Friday, October 26, 2012

Automated Text Chat Assistants for Online Classes


I'm proposing this research project at my University in the hope of getting some course releases to spend more time on it. The proposed project concerns analyzing the text and email logs from a number of online computer science and multimedia communication classes in order to identify common students questions and concerns.  This data will be used to improve course design and automate the generation of frequently asked questions (FAQs) web pages.  Longer-term goals include the developing an instant messenger (IM) chatbot that can interact with students online when instructors are not available.

Background:
Researchers have studied the effects of making synchronous chat available in online classes such as Spencer & Hiltz (2003) who showed that students found classes with synchronous chat significantly more ‘rewarding’ and less ‘complex’ than classes with only asynchronous communication. This is not to say that asynchronous interaction such as that facilitated by blogs, emails, bulletin boards, wikis and so forth it not valuable.  In fact according to Johnson (2006) both synchronous and asynchronous forms of online discussion have advantages and there is evidence that both contribute to student cognitive and affective outcomes.

While the benefits of rich interactive tools for online learning are not in question, there have been relatively few assessments (although see Tomei, 2006) of the time taken by the online instructor to manage these systems.  The principle investigator of this project argues that much instructor time could be saved by the automated generation of class frequently asked question (FAQ) pages, as well as by providing multiple means to access this information, possibly including chatbot technology to interact with students over instant messenger (IM) systems such as Skype.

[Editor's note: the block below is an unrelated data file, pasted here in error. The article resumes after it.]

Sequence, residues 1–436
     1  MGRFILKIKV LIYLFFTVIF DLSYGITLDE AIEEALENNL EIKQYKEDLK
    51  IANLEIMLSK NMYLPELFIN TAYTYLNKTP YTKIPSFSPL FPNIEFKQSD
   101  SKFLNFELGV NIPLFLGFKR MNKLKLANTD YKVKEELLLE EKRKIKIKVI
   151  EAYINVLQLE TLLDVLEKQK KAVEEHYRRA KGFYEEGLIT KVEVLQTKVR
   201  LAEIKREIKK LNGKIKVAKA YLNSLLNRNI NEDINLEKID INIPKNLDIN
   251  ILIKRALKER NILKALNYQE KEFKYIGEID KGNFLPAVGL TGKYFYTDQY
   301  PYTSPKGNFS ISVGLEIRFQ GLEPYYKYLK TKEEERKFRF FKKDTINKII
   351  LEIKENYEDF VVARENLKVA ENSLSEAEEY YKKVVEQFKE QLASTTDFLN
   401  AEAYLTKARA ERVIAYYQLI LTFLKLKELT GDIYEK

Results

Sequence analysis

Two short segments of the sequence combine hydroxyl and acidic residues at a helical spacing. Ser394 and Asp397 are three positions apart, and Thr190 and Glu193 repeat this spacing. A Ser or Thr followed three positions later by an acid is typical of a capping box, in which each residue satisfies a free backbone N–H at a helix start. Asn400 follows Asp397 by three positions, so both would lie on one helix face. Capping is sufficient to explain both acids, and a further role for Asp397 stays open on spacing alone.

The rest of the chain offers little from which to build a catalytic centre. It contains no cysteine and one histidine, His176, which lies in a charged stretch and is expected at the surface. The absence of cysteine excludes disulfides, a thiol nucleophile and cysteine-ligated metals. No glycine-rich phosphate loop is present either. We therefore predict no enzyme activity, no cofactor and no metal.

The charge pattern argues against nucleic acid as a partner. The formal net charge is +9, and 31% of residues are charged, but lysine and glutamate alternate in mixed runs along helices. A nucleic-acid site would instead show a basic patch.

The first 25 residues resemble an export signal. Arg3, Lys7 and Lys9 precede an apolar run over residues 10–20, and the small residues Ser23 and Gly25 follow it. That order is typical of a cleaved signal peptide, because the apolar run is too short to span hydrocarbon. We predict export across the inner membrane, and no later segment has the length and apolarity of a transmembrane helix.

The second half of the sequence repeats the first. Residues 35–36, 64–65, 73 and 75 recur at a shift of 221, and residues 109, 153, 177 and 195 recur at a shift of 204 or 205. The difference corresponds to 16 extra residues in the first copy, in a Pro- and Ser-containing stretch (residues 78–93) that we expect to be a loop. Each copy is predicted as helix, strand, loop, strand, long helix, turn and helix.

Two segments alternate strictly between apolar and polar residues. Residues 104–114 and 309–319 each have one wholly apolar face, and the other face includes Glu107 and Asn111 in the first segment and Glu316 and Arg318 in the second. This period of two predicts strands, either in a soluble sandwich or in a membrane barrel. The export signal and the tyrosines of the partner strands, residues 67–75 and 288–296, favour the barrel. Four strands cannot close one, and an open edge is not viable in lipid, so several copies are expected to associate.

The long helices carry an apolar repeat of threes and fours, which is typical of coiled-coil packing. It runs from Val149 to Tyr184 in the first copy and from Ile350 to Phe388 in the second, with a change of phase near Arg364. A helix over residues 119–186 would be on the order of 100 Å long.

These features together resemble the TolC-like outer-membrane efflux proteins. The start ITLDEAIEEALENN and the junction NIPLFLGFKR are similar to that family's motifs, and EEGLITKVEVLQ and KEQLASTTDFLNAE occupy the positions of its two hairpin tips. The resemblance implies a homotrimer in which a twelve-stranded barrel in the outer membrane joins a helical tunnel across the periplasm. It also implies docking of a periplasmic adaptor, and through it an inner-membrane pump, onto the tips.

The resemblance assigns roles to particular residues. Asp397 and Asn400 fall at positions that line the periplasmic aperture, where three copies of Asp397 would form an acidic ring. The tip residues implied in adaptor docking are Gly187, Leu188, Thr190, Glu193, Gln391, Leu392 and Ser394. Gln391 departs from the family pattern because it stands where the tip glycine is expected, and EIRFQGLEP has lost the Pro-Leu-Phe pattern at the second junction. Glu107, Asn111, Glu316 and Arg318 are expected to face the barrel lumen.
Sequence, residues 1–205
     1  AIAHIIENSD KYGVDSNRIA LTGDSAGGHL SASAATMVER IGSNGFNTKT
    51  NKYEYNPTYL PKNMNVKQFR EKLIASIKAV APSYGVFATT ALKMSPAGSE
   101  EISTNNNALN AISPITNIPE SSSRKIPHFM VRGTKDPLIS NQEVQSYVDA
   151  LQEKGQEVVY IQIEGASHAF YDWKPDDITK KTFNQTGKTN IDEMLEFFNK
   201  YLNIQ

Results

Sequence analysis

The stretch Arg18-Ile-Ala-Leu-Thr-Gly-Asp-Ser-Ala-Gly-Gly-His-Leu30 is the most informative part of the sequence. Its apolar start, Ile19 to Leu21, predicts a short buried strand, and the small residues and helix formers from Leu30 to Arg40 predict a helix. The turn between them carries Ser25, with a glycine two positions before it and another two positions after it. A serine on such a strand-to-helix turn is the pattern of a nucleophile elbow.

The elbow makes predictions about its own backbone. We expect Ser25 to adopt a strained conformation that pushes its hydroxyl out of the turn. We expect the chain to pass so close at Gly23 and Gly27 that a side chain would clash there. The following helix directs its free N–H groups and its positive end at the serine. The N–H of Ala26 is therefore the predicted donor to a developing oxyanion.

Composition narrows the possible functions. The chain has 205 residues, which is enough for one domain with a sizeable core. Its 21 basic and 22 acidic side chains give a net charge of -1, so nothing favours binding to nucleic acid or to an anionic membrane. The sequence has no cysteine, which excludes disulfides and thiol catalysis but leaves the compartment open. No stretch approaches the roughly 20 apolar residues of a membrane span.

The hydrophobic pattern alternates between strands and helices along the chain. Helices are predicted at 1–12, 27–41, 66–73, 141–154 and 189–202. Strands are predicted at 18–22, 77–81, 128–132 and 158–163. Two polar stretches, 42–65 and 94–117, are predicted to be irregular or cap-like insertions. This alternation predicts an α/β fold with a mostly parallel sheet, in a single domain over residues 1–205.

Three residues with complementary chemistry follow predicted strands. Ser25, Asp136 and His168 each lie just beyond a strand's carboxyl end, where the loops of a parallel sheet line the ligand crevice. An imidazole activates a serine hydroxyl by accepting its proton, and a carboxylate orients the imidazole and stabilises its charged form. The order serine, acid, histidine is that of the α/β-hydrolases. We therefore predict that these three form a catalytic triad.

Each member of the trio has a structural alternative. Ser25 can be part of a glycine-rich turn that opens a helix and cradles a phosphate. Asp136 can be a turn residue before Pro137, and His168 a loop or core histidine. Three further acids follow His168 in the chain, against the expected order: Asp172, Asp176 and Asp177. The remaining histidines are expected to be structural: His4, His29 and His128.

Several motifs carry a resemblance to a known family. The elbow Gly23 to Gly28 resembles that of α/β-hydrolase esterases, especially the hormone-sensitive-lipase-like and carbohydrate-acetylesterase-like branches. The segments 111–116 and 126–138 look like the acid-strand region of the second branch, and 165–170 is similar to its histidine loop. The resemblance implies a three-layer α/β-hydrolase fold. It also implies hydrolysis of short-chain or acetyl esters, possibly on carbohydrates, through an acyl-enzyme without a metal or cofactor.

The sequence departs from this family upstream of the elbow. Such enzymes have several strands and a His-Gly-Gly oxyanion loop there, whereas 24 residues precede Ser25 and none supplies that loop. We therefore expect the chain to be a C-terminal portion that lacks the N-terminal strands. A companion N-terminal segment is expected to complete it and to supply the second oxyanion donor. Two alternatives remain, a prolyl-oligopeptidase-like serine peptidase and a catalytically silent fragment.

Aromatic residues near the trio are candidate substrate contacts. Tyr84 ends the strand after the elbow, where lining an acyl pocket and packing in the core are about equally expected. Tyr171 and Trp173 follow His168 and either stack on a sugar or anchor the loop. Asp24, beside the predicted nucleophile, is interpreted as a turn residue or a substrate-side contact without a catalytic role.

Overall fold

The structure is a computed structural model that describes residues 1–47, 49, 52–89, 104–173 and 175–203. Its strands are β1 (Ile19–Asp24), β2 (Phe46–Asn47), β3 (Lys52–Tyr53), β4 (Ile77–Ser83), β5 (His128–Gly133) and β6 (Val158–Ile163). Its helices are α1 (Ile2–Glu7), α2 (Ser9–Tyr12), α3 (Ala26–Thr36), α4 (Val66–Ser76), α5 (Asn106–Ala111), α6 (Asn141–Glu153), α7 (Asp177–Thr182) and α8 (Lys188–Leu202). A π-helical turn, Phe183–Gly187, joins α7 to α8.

There have been a number of attempts to integrate chatbot technology into the online classroom over the years.  For example Heller et al. (2005) demonstrated that famous person chatbots (e.g. FreudBot) are promising as a teaching and learning tool in online education; while Mikic et al. (2009) developed the CHARLIE chatbot which can maintain a general conversation with students, showing them contents of courses, and asking them questions about learning material.  Even without a working chatbot there are studies (Kerly et al., 2006) using Wizard-of-Oz experiments that indicate this technology, if successful, could have widespread application in schools, universities and other training scenarios.

There are some positive results at the K-12 level (Kerly et al., 2007) however other authors (e.g. Knill et al., 2004) have cautioned that:

The teacher is the backbone in the teaching process. Technology like computer algebra systems, multimedia presentations or ‘chatbots’ can serve as amplifiers but not replace a good guide.

Despite these concerns recent researchers have experimented with humor enabled chatbots (Augello, 2008) and chatbots that support second language learning (De Gasparis & Florio, 2012; Jiyou, 2009; Sha, 2009); while yet others have demonstrated chatbot effectiveness in supporting network management training (Leonhardt et al., 2007) and security training (Kowalski et al., 2009). Furthermore in a detailed study Alencar & Netto (2011) developed an online education portal chatbot that successfully answered 69% of the students’ general questions about distance education.
In summary it seems that there is a great potential for the use of chatbot technology in the online classroom, but that one should be careful not to try and replace the human instructor entirely.  The proposed project is focused on providing automated online teaching assistants that will help the human online instructor manage their online classes. The principle investigators experience indicates that synchronous chat helps with student engagement and retention although as Wilging & Johnson (2004) point out students’ reasons for dropping out of an online program are varied and unique to each individual.  It is the principle investigators hope that well designed automated FAQs and IM chatbots can server to amplify the retention-enhancing effect of synchronous chat in online classes.
Clearly a cautious approach is required to develop systems that can successfully support online learning success.  This project plans to analyze the logs from several online classes using the ethnographic approach demonstrated by authors such Zembylas & Vrasidas (2007).

Work Plan:
Jan/Feb 2013: Analysis of CSCI 4702, 4705 and MULT 4702 chat logs
Feb/Mar 2013: Generation of 1st version of FAQs
Mar/Apr 2013: Automation of FAQ generation
Apr/May 2013: Link existing chatbot to FAQs to support usability testing over summer 2013

Work and Funding so far: